Agree with both of the above but I also like to look at how I may want to work with the reactor and how it fits my stand. One point that is missed often is that we do need to clear the water from the outgoing line of a canister as we restart it after cleaning. Some do have a problem on restarts as the air in the canister does need to move out and up the outgoing tubing to get the can to start correctly. The little thing that we all know but may miss is that air WILL go up and out through water but WILL NOT if it has to go down first to get up and out. So if we have a reactor and canister setting on the floor under the tank, the air will not always go down and out if the reactor is full of water. I find I want to use a flat bottom on my reactors, so they set up nice, but I also want to leave them loose so that I can swivel them up to let the air past the water! Different folks report different results on this, so I recommend leaving the design loose for a time until you see how your placement works.
The difference is that the reactor may need to be strapped up off the floor for a straight fitting which does add to flow a bit but may make restarts difficult if you do need to clear the path for the air to move out.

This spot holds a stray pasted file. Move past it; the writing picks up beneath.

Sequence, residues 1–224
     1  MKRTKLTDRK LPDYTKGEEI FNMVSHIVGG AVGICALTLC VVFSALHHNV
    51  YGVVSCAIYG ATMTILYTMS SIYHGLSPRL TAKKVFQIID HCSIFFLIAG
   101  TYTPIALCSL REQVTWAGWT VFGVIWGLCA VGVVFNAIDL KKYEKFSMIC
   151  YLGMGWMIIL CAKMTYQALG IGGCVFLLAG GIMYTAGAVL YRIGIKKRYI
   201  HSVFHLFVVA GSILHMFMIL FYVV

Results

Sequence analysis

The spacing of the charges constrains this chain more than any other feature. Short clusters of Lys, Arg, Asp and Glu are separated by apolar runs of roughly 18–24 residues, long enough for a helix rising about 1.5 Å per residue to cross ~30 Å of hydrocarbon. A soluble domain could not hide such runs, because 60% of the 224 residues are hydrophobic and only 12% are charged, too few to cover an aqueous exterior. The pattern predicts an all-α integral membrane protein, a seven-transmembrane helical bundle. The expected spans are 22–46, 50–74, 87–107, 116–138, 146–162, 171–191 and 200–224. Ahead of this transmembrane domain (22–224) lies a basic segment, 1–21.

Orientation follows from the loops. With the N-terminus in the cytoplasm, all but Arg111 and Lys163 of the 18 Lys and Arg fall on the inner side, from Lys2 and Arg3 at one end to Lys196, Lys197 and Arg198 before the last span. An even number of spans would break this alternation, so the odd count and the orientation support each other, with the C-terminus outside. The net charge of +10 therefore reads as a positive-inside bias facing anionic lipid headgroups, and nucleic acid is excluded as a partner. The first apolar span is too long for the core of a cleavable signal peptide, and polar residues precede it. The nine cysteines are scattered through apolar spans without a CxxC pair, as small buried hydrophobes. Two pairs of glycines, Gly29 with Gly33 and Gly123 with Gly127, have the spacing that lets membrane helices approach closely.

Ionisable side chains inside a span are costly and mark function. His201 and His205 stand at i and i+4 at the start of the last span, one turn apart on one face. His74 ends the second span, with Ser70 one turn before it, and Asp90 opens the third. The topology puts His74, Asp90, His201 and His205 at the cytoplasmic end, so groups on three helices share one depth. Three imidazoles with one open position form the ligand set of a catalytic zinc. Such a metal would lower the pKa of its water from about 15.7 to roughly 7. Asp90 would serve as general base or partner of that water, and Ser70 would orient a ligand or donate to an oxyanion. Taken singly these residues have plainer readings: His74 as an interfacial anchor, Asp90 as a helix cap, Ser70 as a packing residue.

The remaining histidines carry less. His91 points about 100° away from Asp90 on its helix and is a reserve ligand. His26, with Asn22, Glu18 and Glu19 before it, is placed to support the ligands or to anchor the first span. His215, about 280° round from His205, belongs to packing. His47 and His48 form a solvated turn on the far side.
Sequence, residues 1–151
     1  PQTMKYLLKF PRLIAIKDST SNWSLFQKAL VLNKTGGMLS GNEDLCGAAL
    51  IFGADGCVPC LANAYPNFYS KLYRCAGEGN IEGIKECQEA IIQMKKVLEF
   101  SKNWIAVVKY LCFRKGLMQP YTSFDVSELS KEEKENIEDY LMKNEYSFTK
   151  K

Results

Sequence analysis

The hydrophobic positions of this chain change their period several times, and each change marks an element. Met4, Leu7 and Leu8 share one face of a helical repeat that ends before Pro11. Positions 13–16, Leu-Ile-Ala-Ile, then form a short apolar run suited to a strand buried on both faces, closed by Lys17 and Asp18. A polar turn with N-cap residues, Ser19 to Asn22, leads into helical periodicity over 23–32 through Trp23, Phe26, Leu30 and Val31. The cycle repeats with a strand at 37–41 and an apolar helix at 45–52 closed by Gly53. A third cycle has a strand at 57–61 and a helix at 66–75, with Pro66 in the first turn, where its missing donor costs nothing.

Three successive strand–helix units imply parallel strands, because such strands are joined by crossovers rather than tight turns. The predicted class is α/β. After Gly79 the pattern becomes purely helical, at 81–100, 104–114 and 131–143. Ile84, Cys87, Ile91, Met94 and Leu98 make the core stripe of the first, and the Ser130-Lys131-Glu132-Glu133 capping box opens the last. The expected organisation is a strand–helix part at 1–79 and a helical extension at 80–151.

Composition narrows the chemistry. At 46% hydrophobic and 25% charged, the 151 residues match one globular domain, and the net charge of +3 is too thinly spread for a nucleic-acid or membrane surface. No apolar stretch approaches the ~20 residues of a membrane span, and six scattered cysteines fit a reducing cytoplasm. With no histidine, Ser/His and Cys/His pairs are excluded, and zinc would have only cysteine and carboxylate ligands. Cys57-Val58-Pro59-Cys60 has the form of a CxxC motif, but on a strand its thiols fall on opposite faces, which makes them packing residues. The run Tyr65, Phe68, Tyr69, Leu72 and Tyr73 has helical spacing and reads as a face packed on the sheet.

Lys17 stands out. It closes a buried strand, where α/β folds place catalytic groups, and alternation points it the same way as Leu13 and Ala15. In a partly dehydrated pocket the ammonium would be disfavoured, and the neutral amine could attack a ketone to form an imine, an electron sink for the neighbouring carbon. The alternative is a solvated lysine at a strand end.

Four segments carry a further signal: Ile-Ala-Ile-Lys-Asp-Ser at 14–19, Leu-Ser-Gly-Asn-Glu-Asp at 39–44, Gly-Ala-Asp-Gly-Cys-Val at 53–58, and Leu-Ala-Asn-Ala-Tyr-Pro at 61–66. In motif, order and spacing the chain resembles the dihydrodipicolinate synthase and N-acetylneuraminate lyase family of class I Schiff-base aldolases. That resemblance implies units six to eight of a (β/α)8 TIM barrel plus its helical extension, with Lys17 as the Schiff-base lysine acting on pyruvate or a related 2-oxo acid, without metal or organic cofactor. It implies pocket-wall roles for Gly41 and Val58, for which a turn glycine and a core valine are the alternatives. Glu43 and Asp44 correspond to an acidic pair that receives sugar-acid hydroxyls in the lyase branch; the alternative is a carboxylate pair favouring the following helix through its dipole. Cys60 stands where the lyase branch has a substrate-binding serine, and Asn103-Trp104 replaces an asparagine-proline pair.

I like the flat bottom from using a PVC plug at the bottom rather than a cap which is rounded and I'm willing to give up a slight amount of flow.
These are reactors that I have built and each has slightly different fittings. The one I liked best was the center as it used an irrigation fitting with a compression type seal. The one at the right needed a metal seal to assure a good connection, but they both do add two 90 bends to impede flow somewhat while the one on the left used a larger curve in the tubing to let the water flow without the second 90. Larger/taller stands let me go with a wider curve.
For size, I used 18 inches for one fed by an Eheim 2075 on a 125 but for 75 gallon tanks a 15" pipe (makes 18" with fittings) was fine for 75 gallon tanks working on 2217 filters. Longer never seems to be a problem if you have room while shorter can let bubbles be forced through if the combo of lots of water moving through and a massive amount of CO2 is added. I have never had that happen except on one where I cut the pipe size down to 3/4 inch for a small tank running on a Zoomed 501 filter. Just too much flow and not enough time, so I got bubbles in the tank. Dumb idea!! But a pretty cheap lesson!
Small point that might help newer folks who do not use much PVC? We often see the purple primer and it get smeared all over. I find no need of primer if I have decently new solvent and pipe. The primer is needed for older pipe that has some corrosion built up or if the solvent is beginning to lose some of it's volatile chemical. It does act to pre-soften and clean the old pipe but we can get a better looking job if we leave it out on small simple joints, done inside where we are dry and there is little water pressure. Rather than use primer, I do a good sanding job as I get the pipe ends ready and try them for fit before adding the solvent.